CHARLIE JOHNSON Chinese are still swarming all over the place; we're almost totally overrun. These guys can't protect themselves. I tell Don I'll put myself in-between the two bunker .and try to hold the enemy off until help arrives.
DON DINGEE I told him not to go, but he said it was the only way. He said I should put my worries in God's hands, and then both of our worries would be in the same place.
CHARLIE JOHNSON I've tried to go to church services here in Korea whenever I could, but you never realize how important it is to have faith in God until you get into something like this.
DON DINGEE It was about four thirty a.m. and I could hear Charlie firing for another hour, then nothing. Dawn came and it started to rain. All I could think about was my buddy - did he make it? When the reinforcements came, two guys took me down the hill on a stretcher. Most of our platoon was killed or wounded. I made them stop and turn over every body we passed by. The fifth one. was Charlie. Hooker told me later he saw Charlie trying to save more wounded. Hooker kept telling him, "Charlie, they're dead, you're just pulling pieces back" - but Charlie wouldn't stop. He was standing up, in the line of fire, dragging guys over a hill. That's when they got him. When you're in battle, you're just trying to stay alive, and get back home. But Charlie was always looking out for the other guy. He saved my life. Twice. And it wasn't just me. At least 7 or 8 wounded guys were in those bunkers.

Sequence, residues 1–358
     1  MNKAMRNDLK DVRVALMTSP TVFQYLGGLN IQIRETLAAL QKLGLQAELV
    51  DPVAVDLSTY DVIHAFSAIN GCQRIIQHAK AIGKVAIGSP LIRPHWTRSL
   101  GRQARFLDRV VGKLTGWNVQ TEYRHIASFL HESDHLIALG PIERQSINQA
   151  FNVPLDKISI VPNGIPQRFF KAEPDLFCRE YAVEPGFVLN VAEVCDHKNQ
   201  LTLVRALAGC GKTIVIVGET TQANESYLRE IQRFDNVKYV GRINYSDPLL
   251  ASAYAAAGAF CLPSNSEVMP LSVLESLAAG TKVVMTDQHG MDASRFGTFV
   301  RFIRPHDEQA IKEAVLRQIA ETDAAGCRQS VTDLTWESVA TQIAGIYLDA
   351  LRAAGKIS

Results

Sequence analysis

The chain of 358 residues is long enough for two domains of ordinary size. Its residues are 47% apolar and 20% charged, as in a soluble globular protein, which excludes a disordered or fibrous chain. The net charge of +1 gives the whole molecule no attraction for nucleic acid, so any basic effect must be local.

Without Charlie, none of us would have made it. Not a day goes by I don't think about my buddy. Every once in a while, Charlie's there, and I close the door and I cry like a baby. And then I talk to him. I'm going to tell him all about tonight, you can be sure. I'm going to tell him I love him and he will always be my hero.